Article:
PloS one

Effects of iron overload on the bone marrow microenvironment in mice.

PMID 25774923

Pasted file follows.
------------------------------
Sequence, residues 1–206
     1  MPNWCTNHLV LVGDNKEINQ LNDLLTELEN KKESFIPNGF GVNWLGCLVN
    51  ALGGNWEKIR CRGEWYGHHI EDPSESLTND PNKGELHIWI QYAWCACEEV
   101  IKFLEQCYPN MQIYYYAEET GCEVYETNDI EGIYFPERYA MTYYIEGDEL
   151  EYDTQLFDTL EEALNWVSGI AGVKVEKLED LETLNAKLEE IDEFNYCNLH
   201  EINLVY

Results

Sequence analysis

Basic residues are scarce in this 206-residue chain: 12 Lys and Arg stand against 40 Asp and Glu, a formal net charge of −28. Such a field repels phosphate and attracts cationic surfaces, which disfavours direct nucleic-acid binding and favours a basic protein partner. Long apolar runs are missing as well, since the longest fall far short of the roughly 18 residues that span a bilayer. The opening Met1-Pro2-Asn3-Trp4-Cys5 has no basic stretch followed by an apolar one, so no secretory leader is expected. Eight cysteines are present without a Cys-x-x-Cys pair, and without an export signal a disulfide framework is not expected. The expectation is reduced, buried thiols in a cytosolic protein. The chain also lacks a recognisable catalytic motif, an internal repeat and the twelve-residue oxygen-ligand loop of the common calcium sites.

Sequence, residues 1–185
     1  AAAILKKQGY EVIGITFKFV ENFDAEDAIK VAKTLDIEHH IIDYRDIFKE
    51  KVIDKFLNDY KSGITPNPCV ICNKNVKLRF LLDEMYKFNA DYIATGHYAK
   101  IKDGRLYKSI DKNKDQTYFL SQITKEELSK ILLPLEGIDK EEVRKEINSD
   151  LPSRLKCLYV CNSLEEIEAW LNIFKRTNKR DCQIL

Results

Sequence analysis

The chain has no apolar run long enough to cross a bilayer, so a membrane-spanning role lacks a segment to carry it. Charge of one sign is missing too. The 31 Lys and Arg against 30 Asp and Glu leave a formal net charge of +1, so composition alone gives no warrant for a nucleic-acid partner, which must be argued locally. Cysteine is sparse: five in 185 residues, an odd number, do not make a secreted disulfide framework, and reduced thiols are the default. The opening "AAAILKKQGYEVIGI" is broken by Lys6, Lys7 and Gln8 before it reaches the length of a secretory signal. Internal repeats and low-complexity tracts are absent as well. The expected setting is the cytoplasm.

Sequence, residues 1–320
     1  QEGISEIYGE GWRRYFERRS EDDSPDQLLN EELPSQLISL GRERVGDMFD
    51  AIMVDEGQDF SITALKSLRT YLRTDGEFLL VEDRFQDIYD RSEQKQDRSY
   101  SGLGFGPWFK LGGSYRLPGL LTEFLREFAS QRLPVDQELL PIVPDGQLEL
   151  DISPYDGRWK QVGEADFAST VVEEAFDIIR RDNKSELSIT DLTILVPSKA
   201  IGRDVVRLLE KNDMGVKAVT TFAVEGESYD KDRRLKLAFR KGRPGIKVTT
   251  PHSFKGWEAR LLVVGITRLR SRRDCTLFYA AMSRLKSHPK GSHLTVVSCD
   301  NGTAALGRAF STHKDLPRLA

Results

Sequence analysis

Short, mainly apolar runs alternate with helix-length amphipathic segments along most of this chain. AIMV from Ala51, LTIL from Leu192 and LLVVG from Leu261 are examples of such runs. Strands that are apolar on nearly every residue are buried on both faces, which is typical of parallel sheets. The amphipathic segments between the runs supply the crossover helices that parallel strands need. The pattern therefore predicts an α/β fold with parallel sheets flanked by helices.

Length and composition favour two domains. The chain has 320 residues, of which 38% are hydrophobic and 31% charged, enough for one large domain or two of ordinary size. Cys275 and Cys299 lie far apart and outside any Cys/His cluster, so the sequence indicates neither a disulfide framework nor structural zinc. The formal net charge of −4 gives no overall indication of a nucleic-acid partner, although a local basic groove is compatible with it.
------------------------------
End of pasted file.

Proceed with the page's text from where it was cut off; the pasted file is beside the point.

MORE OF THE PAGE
Using a mouse model, Iron Overload (IO) induced bone marrow microenvironment injury was investigated, focusing on the involvement of reactive oxygen species (ROS). Mice were intraperitoneally injected with iron dextran (12.5, 25, or 50 mg) every three days for two, four, and six week durations. Deferasirox(DFX)125 mg/ml and N-acetyl-L-cysteine (NAC) 40 mM were co-administered. Then, bone marrow derived mesenchymal stem cells (BM-MSCs) were isolated and assessed for proliferation and differentiation ability, as well as related gene changes. Immunohistochemical analysis assessed the expression of haematopoietic chemokines. Supporting functions of BM-MSCs were studied by co-culture system. In IO condition (25 mg/ml for 4 weeks), BM-MSCs exhibited proliferation deficiencies and unbalanced osteogenic/adipogenic differentiation. The IO BM-MSCs showed a longer double time (2.07±0.14 days) than control (1.03±0.07 days) (P<0.05). The immunohistochemical analysis demonstrated that chemokine stromal cell-derived factor-1, stem cell factor -1, and vascular endothelial growth factor-1 expression were decreased. The co-cultured system demonstrated that bone marrow mononuclear cells (BMMNCs) co-cultured with IO BM-MSCs had decreased colony forming unit (CFU) count (p<0.01), which indicates IO could lead to decreased hematopoietic supporting functions of BM-MSCs. This effect was associated with elevated phosphatidylinositol 3 kinase (PI3K) and reduced of Forkhead box protein O3 (FOXO3) mRNA expression, which could induce the generation of ROS. Results also demonstrated that NAC or DFX treatment could partially attenuate cell injury and inhibit signaling pathway striggered by IO. These results demonstrated that IO can impair the bone marrow microenvironment, including the quantity and quality of BM-MSCs.